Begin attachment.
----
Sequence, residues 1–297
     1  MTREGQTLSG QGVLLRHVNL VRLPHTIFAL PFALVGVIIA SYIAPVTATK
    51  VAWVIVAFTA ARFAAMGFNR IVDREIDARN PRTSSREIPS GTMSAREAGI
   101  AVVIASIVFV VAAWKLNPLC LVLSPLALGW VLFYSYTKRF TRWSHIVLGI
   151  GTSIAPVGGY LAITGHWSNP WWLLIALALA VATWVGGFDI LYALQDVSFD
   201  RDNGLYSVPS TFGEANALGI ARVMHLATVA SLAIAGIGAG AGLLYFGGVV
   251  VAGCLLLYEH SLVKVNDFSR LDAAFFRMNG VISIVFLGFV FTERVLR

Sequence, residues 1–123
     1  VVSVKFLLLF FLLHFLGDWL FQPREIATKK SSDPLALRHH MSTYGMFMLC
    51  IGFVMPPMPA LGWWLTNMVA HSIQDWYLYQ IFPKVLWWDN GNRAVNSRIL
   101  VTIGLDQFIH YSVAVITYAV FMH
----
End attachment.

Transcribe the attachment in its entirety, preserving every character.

Sequence, residues 1–297
     1  MTREGQTLSG QGVLLRHVNL VRLPHTIFAL PFALVGVIIA SYIAPVTATK
    51  VAWVIVAFTA ARFAAMGFNR IVDREIDARN PRTSSREIPS GTMSAREAGI
   101  AVVIASIVFV VAAWKLNPLC LVLSPLALGW VLFYSYTKRF TRWSHIVLGI
   151  GTSIAPVGGY LAITGHWSNP WWLLIALALA VATWVGGFDI LYALQDVSFD
   201  RDNGLYSVPS TFGEANALGI ARVMHLATVA SLAIAGIGAG AGLLYFGGVV
   251  VAGCLLLYEH SLVKVNDFSR LDAAFFRMNG VISIVFLGFV FTERVLR

Sequence, residues 1–123
     1  VVSVKFLLLF FLLHFLGDWL FQPREIATKK SSDPLALRHH MSTYGMFMLC
    51  IGFVMPPMPA LGWWLTNMVA HSIQDWYLYQ IFPKVLWWDN GNRAVNSRIL
   101  VTIGLDQFIH YSVAVITYAV FMH